While the virus appears set for a fearsome return in many parts of the world, the mental health crisis in the workplace continues to be an equally challenging reality leaders are struggling to manage. As they strive to help businesses upskill and reskill to cope with the new unknowns, the L&D team must remain mindful of anxiety levels.
According to a global study of over 2,700 employees across more than 10 industries undertaken by Qualtrics and SAP a year ago, “75% of people say they feel more socially isolated, 67% of people report higher stress, 57% are feeling greater anxiety, and 53% say they feel more emotionally exhausted”.
Let us step out of the office for a while and understand why the science of gaming is important to all, especially those of us exploring gamification in L&D.
When gaming joins hands with science
The developers of The Insight Project describe it as “Gaming the mind to master mental health”. The leads of this ambitious project are Paul Fletcher, Psychiatrist & Professor of Health Neuroscience, University of Cambridge, and Tameem Antoniades, Creative Director & Founder, Ninja Theory.
This is what the two leaders of the “experimental and exploratory project expected to take shape over several years” state in their journal:
“There is a growing realization that mental experiences, including negative ones like fear and anxiety, which are central to mental ill-health, emerge from a complex interaction of biological, psychological, and environmental factors. Any comprehensive approach to mental suffering must take into account these factors.
“We believe that video games have huge potential to help people in ways that have yet to be explored and exploited. They provide compelling and absorbing narratives within immersive settings and can be tailored to respond flexibly and sensitively to the individual abilities and demands of those who play them.”
Carved by Hellblade
The seeds of The Insight Project were sown in 2017, when Antoniades and Fletcher had collaborated to develop the game Hellblade: Senua’s Sacrifice. The game received universal acclaim for its “depiction of a warrior with severe mental health issues with a focus on psychosis”.
Andrew Webster wrote in his review of Hellblade: “It tackles an important, and often under-discussed topic—in this case, mental illness—but it does so with both care and intelligence. That theme is then married with some incredible production values, including gorgeous, lifelike visuals, and unsettling sound design.”
Players responded with “praise and heart-warming messages of support.”
Antoniades and Fletcher decided to continue discussions on how games could help promote mental wellbeing. The result is the continuing Insight Project.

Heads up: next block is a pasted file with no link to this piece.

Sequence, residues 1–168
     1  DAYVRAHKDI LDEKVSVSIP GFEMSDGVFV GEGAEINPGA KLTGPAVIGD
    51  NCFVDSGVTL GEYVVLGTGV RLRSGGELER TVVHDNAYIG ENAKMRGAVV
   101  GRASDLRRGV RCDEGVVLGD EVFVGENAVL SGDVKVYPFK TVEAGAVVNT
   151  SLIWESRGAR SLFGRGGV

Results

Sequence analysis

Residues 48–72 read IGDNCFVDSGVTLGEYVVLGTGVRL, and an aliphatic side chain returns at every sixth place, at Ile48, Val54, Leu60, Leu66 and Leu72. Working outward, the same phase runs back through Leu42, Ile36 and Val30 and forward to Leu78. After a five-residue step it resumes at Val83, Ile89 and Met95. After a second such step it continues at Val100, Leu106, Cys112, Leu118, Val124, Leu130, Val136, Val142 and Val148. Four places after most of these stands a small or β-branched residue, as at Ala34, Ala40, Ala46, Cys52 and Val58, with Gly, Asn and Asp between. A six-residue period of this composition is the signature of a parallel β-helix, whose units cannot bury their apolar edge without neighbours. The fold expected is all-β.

The new science of gamification
In their journal, Antoniades and Fletcher offer several reasons why gamification makes a strong case for learning beyond the realm of mental health.
They assert that “understanding brain-body relationship is crucial, but games give us the third missing piece—control over the environment”.
They point out that videogames “engage, train new skills, and promote mastery, a toolset that can be applied to mental wellbeing” and, of course, to business crises during these difficult times.
They add: “Over the last decade the games industry has advanced real-time technology, such as virtual avatars, human-computer interfaces, machine learning, data analytics, online technology, and engagement strategies, to a level that is grossly underestimated by those unfamiliar with the innovation present in modern videogames.”
Use VR, heal thyself
Take the advancements in virtual reality (VR), for example. Everyone knows VR is great sci-fi kind of fun. Can it also work well as a serious self-help tool when one is struggling to cope with a personal problem that can impact performance at work, too?
Ironically, when faced with a problem, we are better at giving advice than helping ourselves. A study has established that “it is possible to enact internal dialogue in virtual reality (VR) through participants alternately occupying two different virtual bodies—one representing themselves and the other Sigmund Freud.” They explain the problem to the virtual Freud and then “from the embodied perspective of Freud see and hear the explanation by their virtual doppelganger, and then give some advice”.
An experiment was carried out with 58 people, 29 in the body swapping self-conversation condition and 29 in a condition where they only spoke to a scripted Freud character. The results showed that the self-conversation method results in a greater perception of change and help compared to the scripted one.
The best of learning initiatives may fail if the learner is distracted by some problem. Maybe the answer lies in a VR session before the learner returns to play recharged?
New clinical science
Antoniades and Fletcher consider the use of games, the amalgamation of science and technology to be “a new kind of clinical science, one that recognizes the need to move away from the laboratory and to harness the creative skills of game makers as well as the capacity of gameplay as a means to learn about and reframe our understanding of the world and ourselves.”
Use science to build the foundation, stay focused on the learning goals and be sure to include “gorgeous, lifelike visuals and unsettling sound design.” And your next gamification program is sure to elevate your organization’s L&D to a higher stratum of success.
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